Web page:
“In our every deliberation, we must consider the impact of our decisions on the next seven generations.”
The Iroquois are a historically powerful northeast Native American confederacy.
- They were known during the colonial years to the French as the “Iroquois League.”
- Later, it was known as the “Iroquois Confederacy”
- To the English they were the “Five Nations” (before 1722) — and later the “Six Nations,” comprising the Mohawk, Onondaga, Oneida, Cayuga, Seneca, and Tuscarora peoples.
- The Iroquois have absorbed many other peoples into their cultures as a result of warfare, adoption of captives, and by offering shelter to displaced peoples.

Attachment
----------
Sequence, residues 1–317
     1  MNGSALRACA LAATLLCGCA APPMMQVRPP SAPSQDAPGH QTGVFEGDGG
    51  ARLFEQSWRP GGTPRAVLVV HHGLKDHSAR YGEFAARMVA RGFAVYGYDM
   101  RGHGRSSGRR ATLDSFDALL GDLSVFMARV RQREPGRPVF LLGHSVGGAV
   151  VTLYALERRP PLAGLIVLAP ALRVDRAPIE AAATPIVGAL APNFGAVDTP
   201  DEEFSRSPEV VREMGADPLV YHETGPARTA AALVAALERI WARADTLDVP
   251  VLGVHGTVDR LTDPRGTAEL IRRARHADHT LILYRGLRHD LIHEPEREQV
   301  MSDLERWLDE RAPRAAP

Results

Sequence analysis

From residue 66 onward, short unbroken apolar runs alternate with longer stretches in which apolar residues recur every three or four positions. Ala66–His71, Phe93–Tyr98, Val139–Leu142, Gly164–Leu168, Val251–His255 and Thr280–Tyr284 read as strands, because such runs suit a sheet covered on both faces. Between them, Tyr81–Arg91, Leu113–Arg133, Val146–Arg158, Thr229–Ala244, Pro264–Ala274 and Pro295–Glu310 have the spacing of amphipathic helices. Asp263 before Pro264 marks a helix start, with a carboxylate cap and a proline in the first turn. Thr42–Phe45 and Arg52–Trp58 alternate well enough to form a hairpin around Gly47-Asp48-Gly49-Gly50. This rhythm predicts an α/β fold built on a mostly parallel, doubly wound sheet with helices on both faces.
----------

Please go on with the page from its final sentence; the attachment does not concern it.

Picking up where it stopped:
- The historic Erie, Susquehannock, Wyandot (Huron), and St. Lawrence Iroquoians, all independent peoples, spoke Iroquoian languages.
- In the larger sense of linguistic families, they are often considered Iroquoian peoples because of their similar languages and cultures, all culturally and linguistically descended from the Proto-Iroquoian people and language; however, they were traditionally enemies of the nations in the Iroquois League.